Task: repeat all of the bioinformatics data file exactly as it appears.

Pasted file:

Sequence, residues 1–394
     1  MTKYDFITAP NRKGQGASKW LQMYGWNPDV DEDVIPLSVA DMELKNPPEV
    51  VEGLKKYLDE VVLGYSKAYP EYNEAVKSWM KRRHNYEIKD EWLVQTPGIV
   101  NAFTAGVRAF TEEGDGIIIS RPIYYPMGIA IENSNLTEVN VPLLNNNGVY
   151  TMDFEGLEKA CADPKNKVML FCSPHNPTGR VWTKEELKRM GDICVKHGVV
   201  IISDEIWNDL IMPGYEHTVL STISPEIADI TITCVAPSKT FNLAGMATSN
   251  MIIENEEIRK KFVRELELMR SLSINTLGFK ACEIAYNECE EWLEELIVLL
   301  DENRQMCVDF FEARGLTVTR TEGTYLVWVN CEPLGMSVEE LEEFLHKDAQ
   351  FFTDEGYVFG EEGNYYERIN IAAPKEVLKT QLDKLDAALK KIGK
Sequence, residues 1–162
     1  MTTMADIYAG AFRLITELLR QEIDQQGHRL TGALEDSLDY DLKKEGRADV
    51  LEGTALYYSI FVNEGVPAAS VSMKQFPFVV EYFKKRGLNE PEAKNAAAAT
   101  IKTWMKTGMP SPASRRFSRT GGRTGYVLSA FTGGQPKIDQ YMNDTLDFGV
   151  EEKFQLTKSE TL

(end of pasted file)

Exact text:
Sequence, residues 1–394
     1  MTKYDFITAP NRKGQGASKW LQMYGWNPDV DEDVIPLSVA DMELKNPPEV
    51  VEGLKKYLDE VVLGYSKAYP EYNEAVKSWM KRRHNYEIKD EWLVQTPGIV
   101  NAFTAGVRAF TEEGDGIIIS RPIYYPMGIA IENSNLTEVN VPLLNNNGVY
   151  TMDFEGLEKA CADPKNKVML FCSPHNPTGR VWTKEELKRM GDICVKHGVV
   201  IISDEIWNDL IMPGYEHTVL STISPEIADI TITCVAPSKT FNLAGMATSN
   251  MIIENEEIRK KFVRELELMR SLSINTLGFK ACEIAYNECE EWLEELIVLL
   301  DENRQMCVDF FEARGLTVTR TEGTYLVWVN CEPLGMSVEE LEEFLHKDAQ
   351  FFTDEGYVFG EEGNYYERIN IAAPKEVLKT QLDKLDAALK KIGK
Sequence, residues 1–162
     1  MTTMADIYAG AFRLITELLR QEIDQQGHRL TGALEDSLDY DLKKEGRADV
    51  LEGTALYYSI FVNEGVPAAS VSMKQFPFVV EYFKKRGLNE PEAKNAAAAT
   101  IKTWMKTGMP SPASRRFSRT GGRTGYVLSA FTGGQPKIDQ YMNDTLDFGV
   151  EEKFQLTKSE TL